Printer Friendly

Gametophyte morphology and development of six Chinese species of Pteris (Pteridaceae).

ABSTRACT.--Spores of six Chinese species of Pteris (Pteridaceae) were sown on soil and subsequent gametophyte morphology and development were studied. Spores of all species are trilete, tetrahedral and with a distinct equatorial flange. Germination is Vittaria-type and the prothallial development is Ceratopteris-type in all of the species. Adult gametophytes are cordate and gametangia are of the common type for leptosporangiate ferns. Differences among species include spore size, germination time, formation time of the gametangia, gametophyte margin shape, number of archegonial neck cells and shapes of the antheridial dehiscence.

KEY WORDS.--Pteris. gametophyte, Vittaria-type, Ceratopteris-type, Pteris vittata, Pteris ensiformis, Pteris excelsa, Pteris fauriei, Pteris finotii, Pteris wallichiana

**********

The genus Pteris L. (Pteridaceae) is found in the tropics and is in need of redefinition (Smith et al., 2006), however it is estimated to comprise about 250 species (Tryon et al., 1000). Differences in characteristics of fern spore germination and gametophyte development can offer compelling criteria for taxonomic and phyletic studies (Holttum, 1040; Stokey, 1951, 1060; Atldnson and Stokey, 1964; Atkinson, 1073; Raine et al., 1906; Chiou and Farrar, 1997; Chiou et al., 1008; Chandra et al., 2003). Type of spore germination, development of the prothallial plate and the meristematic regions, form of the mature and old thallus, type, position, and time of appearance of hairs when present, and form of the sex organs (especially the antheridium) may prove of value to the taxonomists. Perez-Garcia and Mendoza-Ruiz (2004) indicated that gametophytes may be useful for taxonomic and phyletic studies at the family and generic levels, as well as among species within the same genus. The combination of characters of hair type and position, margin, antheridial structure, shapes of the antheridial dehiscence, antherozoid liberation, and number of archegonial neck cells were used by Atkinson (1973), Pryer et al, (1995), and Perez-Garcia and Mendoza-Ruiz (2004) to delimit subgenera, species, or groups of species within the Thelypteridaceae.

Though the Pteridaceae is large, studies on its gametophyte morphology are limited. However, based on the limited information, the gametophytes of Pteris can be summarized as the following: germination is Vittaria-type and the prothallial development is Ceratopteris-type. The adult prothallus is cordatethalloid, with broad wings, growing very fast, with a distinct cushion. Rhizoids are nearly hyaline or pale brown, distributed in the lower surface of the cushion, with thin cell walls. The adult prothallus is naked. Gametangia are of the common leptosporangiate-type: antheridia are formed from early development stages of the prothallus. The cap cell becomes loose and is pushed off, releasing the spermatozoids. The neck of the archegonia is elongated, curving away from the apex of the prothallus (Nayar and Kaur 1971).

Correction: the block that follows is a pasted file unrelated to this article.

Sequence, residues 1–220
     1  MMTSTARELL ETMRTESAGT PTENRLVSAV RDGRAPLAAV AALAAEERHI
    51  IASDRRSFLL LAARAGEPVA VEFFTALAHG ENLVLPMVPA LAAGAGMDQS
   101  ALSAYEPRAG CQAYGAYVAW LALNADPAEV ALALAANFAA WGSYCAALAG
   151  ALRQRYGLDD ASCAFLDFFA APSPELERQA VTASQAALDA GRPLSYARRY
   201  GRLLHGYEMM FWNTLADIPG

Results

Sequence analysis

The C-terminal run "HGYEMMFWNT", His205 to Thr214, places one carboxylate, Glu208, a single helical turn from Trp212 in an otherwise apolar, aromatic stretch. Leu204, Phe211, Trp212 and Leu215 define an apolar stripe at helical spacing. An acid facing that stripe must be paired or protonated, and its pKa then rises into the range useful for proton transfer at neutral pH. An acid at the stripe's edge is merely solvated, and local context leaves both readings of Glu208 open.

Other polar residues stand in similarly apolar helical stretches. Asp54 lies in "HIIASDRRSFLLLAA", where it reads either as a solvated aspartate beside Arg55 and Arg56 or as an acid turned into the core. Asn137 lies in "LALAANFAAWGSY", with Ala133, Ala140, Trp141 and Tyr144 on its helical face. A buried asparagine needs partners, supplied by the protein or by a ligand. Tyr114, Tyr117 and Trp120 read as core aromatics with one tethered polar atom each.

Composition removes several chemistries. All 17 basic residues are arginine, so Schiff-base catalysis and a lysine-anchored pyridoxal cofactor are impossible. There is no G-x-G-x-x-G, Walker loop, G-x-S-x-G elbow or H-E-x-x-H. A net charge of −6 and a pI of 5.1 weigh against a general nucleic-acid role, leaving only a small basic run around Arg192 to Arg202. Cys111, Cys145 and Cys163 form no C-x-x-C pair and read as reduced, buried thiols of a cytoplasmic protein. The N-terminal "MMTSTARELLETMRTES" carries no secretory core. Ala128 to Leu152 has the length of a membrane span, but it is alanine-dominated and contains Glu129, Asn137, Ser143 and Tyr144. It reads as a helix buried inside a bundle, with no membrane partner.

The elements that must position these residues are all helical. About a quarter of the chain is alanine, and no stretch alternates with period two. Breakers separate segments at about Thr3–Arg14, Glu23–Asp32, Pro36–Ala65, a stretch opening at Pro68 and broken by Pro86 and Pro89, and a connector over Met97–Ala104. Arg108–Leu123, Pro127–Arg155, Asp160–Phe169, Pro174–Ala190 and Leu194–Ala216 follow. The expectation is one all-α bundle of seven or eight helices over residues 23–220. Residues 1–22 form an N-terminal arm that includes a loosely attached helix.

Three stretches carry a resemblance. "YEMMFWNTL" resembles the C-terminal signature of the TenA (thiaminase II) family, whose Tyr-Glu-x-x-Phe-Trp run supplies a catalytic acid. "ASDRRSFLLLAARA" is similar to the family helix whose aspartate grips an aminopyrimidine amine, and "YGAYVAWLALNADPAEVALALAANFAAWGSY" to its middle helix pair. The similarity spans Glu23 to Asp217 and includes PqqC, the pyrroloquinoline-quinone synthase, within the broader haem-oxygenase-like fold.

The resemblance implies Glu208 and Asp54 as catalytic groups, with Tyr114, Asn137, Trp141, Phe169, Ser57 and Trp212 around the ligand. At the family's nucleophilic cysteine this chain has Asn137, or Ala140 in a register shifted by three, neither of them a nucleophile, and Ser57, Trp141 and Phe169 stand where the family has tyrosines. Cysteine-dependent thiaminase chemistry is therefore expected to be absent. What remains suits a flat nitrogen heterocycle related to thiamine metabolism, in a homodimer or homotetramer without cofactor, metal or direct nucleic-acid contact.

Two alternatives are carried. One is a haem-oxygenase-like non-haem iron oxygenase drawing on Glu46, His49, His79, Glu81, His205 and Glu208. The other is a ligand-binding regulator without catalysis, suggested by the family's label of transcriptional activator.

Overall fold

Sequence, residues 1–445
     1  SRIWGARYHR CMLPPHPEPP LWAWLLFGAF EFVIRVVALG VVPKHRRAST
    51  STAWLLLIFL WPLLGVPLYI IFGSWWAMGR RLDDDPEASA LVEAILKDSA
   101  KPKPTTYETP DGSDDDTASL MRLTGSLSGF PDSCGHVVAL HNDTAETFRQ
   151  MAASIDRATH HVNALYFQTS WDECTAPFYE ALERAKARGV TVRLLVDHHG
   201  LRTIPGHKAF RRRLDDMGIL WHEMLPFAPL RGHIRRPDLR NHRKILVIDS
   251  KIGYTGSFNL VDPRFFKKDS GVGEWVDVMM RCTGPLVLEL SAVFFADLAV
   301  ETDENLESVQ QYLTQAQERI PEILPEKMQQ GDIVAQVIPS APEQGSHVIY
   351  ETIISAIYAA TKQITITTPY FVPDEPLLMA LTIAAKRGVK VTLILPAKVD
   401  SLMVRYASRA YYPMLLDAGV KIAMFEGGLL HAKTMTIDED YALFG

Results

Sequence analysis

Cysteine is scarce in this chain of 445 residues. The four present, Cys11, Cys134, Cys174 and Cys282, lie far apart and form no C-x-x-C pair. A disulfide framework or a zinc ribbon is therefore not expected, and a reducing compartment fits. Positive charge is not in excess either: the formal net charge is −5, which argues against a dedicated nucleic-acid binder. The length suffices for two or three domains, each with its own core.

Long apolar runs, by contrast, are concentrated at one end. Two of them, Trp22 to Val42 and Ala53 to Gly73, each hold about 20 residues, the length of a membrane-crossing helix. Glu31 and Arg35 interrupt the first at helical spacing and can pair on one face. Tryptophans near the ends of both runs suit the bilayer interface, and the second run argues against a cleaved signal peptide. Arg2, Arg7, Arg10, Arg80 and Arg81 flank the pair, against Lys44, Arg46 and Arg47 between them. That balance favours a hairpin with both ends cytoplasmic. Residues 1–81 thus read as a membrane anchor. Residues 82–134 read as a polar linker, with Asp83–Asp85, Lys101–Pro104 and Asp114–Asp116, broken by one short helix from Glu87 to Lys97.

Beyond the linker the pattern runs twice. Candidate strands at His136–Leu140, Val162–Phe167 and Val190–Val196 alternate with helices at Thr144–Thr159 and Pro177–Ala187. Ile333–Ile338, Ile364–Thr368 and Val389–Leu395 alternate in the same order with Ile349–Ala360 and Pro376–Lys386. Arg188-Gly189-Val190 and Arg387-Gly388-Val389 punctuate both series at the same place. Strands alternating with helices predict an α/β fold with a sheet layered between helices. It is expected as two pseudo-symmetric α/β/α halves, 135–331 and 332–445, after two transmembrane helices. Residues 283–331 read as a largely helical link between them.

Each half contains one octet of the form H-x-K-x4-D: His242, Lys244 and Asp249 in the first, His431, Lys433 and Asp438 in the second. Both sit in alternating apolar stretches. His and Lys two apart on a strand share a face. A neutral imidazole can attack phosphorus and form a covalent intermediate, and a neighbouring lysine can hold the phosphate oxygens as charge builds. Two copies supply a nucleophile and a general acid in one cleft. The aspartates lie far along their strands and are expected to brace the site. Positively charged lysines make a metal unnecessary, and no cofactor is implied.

This study describes the gametophyte morphology and development of P. vittata L., P. ensiformis Burm, P. excelsa Gaud., P. fauriei Hieron., P. finotii Christ. and P. wallichiana Agardh.

MATERIALS AND METHODS

Spores were obtained from live plants collected from several sites in China (Table 1). Fertile pinnae were kept in clean paper bags under dry conditions until spores were shed. About one week later, the sporangia and indusia were separated from the spores by a mesh with pores 0.054 mm in diameter. Spores were cultured in plastic basins (measuring 25 cm x 20 cm x 5 cm) with a sieved mixture of black soil and sand (1:1). Thickness of the mixture was about 3 cm. The surface of the mixture was made smooth and substantial and the basins were then watered. Spores of each species were sown evenly at an average density of 250-300 spores per [cm.sup.2]. Basins were covered with transparent plastic film on which two to three small holes were made in order to avoid contamination and desiccation. They were placed in the dark at 25[degrees]C for 24 h then transferred to fluorescent light (10 000 [micro]mol x [m.sup.-2] x [sec.sup.-1]) at 25[degrees]C under a diurnal cycle of 12/12 hr. Cultures were moistened with tap water to prevent desiccation and, in the last stages, to help antheridial opening and movement of antherozoids.